Wednesday, April 6, 2016

E is for Echidna!

    **Welcome to Day 5 of the Blogging from A to Z Challenge!**


https://commons.wikimedia.org/wiki/File:Short-beaked_Echidna_Tasmania.jpg

What in the world is an echidna?

It has spikes, so is it related to the porcupine? No, its spikes are really just thick hairs that have fur in between.

How about a bird since it has a beak that acts as both nose and mouth? No, again.

Surely it is related to the kangaroo since it has a pouch? No, that's not right either.

It has a long tongue that goes in and out rather quickly and it eats termites and ants, so is it related to the anteater? The answer is negative again, although it has been called a spiny anteater because of its diet.

The echidna has something in common with the platypus in that both of these mammals lay eggs rather than bearing live young. They are the only two known mammals that do this.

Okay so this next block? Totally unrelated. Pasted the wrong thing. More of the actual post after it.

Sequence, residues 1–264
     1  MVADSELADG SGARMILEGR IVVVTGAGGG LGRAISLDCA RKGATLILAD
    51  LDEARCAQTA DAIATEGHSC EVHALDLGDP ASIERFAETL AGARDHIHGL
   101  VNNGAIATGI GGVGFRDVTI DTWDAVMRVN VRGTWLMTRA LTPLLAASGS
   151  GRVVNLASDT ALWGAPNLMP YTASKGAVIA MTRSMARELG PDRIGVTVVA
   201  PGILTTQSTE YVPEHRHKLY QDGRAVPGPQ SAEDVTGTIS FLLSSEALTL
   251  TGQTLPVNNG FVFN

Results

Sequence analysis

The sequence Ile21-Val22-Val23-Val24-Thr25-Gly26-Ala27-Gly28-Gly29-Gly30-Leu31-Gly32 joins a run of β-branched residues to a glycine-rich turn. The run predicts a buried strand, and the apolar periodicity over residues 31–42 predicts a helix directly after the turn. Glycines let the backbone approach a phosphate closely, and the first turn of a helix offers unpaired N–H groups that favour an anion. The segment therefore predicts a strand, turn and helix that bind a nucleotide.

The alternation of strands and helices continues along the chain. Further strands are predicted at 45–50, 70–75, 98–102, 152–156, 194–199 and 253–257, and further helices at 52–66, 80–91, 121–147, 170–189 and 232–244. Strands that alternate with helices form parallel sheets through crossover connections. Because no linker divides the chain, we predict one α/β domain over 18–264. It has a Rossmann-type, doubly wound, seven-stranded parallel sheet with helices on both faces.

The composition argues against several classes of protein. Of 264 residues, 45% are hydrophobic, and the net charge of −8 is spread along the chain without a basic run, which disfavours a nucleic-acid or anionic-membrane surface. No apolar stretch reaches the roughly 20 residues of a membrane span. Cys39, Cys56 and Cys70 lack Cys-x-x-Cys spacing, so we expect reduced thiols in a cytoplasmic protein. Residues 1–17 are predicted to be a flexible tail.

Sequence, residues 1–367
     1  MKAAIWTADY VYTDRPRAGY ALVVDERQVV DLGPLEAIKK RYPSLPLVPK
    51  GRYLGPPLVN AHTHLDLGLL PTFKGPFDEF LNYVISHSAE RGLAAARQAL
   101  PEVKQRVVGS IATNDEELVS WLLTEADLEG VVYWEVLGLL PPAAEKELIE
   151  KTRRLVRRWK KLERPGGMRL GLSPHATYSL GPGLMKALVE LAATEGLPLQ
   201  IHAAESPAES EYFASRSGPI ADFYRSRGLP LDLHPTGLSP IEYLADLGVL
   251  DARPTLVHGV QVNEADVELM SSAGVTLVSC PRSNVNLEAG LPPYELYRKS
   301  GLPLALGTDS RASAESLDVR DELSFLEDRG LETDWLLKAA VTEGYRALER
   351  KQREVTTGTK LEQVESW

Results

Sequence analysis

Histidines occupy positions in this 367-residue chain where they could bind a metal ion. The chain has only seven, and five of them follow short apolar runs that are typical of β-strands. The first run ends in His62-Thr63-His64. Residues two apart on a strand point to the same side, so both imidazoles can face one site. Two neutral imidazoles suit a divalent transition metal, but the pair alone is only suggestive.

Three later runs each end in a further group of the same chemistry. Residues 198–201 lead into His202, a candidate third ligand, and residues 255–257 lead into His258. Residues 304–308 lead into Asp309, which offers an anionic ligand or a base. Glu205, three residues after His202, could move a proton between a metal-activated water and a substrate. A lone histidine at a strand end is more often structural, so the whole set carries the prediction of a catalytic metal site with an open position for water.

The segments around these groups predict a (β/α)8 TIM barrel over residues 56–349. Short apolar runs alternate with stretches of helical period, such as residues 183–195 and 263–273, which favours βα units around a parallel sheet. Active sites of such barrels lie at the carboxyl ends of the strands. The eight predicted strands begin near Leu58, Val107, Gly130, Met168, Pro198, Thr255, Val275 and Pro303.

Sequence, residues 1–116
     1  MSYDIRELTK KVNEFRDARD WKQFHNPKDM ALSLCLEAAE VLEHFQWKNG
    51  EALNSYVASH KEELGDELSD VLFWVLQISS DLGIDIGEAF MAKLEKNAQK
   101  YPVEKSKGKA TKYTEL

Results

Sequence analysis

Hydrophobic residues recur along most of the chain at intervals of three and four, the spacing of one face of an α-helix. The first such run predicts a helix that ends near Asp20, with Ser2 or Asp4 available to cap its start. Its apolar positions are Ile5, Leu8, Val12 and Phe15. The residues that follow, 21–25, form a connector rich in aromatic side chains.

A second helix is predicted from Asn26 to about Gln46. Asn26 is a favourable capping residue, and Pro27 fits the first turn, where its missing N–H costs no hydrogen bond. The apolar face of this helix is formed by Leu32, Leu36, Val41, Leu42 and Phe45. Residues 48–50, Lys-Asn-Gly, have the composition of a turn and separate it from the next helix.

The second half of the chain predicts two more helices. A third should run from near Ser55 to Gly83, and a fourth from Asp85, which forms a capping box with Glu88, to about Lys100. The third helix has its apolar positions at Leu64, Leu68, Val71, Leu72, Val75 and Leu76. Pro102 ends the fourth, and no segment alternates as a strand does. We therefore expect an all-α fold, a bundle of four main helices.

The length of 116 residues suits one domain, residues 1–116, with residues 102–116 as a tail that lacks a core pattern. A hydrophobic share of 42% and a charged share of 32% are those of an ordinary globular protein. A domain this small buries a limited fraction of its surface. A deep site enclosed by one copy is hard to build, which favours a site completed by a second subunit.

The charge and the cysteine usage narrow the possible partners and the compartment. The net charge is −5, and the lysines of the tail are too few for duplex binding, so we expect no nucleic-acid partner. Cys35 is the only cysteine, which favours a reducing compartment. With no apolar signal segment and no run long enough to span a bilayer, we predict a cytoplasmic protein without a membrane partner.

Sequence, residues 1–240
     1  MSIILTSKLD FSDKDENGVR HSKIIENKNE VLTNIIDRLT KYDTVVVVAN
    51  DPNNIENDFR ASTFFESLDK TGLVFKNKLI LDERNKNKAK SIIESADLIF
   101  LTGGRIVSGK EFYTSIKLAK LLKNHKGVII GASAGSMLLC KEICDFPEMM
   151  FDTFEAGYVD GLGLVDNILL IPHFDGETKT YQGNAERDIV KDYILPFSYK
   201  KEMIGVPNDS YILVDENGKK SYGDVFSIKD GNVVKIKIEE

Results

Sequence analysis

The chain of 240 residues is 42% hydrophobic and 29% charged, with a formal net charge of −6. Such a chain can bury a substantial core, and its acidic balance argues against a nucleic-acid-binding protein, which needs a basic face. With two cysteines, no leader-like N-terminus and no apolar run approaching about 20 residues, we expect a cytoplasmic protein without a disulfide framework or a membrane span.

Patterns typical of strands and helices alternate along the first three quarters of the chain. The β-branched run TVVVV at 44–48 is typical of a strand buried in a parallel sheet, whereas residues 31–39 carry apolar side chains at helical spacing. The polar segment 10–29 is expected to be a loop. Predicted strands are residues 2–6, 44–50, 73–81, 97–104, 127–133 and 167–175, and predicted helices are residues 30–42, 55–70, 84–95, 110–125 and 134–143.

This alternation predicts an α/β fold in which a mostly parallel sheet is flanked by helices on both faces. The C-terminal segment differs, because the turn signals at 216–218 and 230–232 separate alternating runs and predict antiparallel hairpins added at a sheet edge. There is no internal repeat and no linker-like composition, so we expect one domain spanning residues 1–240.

The mother lays an egg about the size of a dime. Ten days later the baby, known as a puggle, hatches and goes into the mother's pouch where it stays for 50 weeks. During that time it grows its spikes. After that the mother transfers it to a burrow coming back to feed it every few days. There the baby stays until about seven months old.


https://commons.wikimedia.org/wiki/File:Echidna_(Tachyglossus_aculeatus_setosus).jpg

Two types of echidna are the long-beaked and the short-beaked. Both kinds are found in New Guinea, but the short-beaked ones also live pretty much everywhere in Australia.

Depending on the species, the echidna range from 14 - 30 inches in size and weigh anywhere from a little over 5 to over 20 pounds.


*Information was gleaned from the following sources:
a-z animals, Wired, Animal Fact Guide, and San Diego Zoo Animals.

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